Saturday 28 February 2009

Overnight trip south from Grimstad

I set out from a small harbour to the south of Grimstad, by the house where some of my colleagues are staying:The weather is still rather cold, with plenty of snow and ice around:I got some shelter from the wind by going through the harbour attached to this lighthouse:An interesting looking piece of protected water could be seen but it was hard to find a way through:No effort is spared to make paddlers from the UK feel at home. Most of the coast is very pleasant indeed but there are places to go if you are missing the North Wales coast:I turned back to that interesting bit of protected water and tried to find somewhere to camp:Sadly, the mainland was either waterlogged, rocky, covered in deep snow or a mess of low branches. I found a better site on the other side of the channel, on a tiny island:Carrying the laden boat up to the top was a bit of a struggle but I managed it:This was the first outing for my hooped Goretex bivi in a long while:

Grimstad GPS tracks

I need some space on my GPS and I don't have my usual MemoryMap software installed on the laptop that I have with me in Norway.

The GPS data downloaded OK via a serial cable from my Garmin Foretrex201 that is plugged into a USB Bay 3U1S1P serial to USB converter. I used the freeware GPSBabel ( to download the data and save it in the "Universal CSV" format.

I uploaded the CSV into the free online GPS Visualizer tool ( to convert it to the Google Earth .kmz format. This displayed fine in Google Earth once I had downloaded and installed it from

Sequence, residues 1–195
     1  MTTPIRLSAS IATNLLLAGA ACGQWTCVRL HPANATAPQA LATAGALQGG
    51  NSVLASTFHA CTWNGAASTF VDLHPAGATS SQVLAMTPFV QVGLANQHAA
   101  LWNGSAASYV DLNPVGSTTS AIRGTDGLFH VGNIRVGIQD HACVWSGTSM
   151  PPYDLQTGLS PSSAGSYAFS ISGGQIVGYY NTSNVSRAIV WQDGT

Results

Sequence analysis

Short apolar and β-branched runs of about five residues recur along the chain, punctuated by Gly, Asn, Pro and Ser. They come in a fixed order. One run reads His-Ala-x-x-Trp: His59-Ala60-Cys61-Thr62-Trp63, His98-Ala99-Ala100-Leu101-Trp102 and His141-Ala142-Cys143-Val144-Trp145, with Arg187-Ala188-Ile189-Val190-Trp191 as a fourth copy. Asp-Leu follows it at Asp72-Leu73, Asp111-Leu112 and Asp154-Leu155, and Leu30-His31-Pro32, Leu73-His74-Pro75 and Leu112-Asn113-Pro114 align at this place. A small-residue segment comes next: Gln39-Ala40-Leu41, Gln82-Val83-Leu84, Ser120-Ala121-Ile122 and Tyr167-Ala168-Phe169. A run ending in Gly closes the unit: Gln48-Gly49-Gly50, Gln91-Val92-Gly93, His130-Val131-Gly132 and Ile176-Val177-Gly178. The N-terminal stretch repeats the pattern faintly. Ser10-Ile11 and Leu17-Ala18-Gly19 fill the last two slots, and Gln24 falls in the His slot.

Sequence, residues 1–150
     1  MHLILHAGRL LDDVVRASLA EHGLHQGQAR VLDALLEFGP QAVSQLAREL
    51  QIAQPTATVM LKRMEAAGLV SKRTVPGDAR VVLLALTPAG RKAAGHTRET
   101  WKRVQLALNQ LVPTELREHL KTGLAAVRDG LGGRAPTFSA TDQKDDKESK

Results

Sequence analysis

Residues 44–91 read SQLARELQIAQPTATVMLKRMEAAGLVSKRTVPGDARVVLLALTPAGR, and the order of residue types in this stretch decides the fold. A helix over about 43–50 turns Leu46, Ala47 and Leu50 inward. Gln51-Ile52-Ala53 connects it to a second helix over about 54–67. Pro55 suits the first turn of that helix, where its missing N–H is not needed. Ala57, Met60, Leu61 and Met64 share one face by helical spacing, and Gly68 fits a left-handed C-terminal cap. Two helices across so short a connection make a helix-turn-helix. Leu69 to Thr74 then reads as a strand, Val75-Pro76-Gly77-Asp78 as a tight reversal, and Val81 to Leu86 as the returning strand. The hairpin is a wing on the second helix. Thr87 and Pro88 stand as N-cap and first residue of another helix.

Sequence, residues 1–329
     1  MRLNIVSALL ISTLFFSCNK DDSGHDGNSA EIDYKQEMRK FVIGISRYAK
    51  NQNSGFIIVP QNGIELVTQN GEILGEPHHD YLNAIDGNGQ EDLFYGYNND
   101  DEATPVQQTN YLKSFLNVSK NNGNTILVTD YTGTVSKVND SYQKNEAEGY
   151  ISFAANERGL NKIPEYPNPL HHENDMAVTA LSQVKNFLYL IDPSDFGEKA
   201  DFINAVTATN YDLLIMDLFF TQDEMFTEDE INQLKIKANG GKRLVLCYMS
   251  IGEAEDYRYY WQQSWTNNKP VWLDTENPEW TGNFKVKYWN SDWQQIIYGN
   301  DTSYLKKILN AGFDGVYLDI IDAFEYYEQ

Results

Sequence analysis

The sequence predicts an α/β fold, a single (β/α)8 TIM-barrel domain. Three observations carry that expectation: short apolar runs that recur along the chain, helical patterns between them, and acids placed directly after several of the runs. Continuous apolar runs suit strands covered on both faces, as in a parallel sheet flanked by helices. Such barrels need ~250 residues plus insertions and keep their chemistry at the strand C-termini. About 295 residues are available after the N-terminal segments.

The result is a display of how much ground I have covered by running or kayaking during the weeks that I have been in Grimstad:

Thursday 26 February 2009

Evening paddle

Espen and I set out from Holvika to see whether the Hesnes canal was free of ice:
We got through the remaining ice before it got dark but our return was after nightfall:Just finding the canal again was a challenge:

Sunday 22 February 2009

Islands, channels and a frozen canal

My second paddle in Norway involved a bit more distance and a lot more sunshine than the first. Espen and I launched from the same spot in Holvika:We turned right and paddled into the sun towards Lillesand:Espen was dressed for the conditions:We went as far as the "Blind channel" of Bufjorden. Apparently, this channel is so easy to navigate that it can be done blind: We turned into the Reddal canal that leads to the inland lakes of Landvikvannet and Reddalsvannet:
The canal was frozen after only a few hundred metres, so it will have to wait for next time:Even the melting snow was freezing again into icicles:The paddle back took us through lots of small channels between the islands:Many of the islands have small holiday homes on them. Some have lighthouses and the (now disused) dwellings for the lighthouse keepers:Night was starting to fall as we finished our paddle:

Thursday 19 February 2009

First paddle in Norway

It was cold. It was dark. I was using a borrowed boat and blades. I was paddling with someone that I had never met before. I didn't care; it felt great to be back in a boat for my first paddle of the year. The last two months may have been my longest time without getting in a boat in the last twenty years!

Embarrassingly, I managed to snap the borrowed paddles after about fifteen minutes. The shaft sheared through on the first hard paddle stroke and left me paddling C1-style for the rest of the evening. As a result, we only covered about 9km or so but it was a very pleasant little trip.

The coastline near Grimstad is a maze of channels between islands of a wide range of sizes:
We set off from Holvika; you can see the two jetties to the south of Groos on the bottom left of the map. I was paddling with Espen from Black Hawk ( :

There was still a bit of daylight left as we paddled off but it soon got dark:I plan to join Grimstad PadleKlubb ( on Sunday. My thanks go to Espen for the company and the loan of the kit.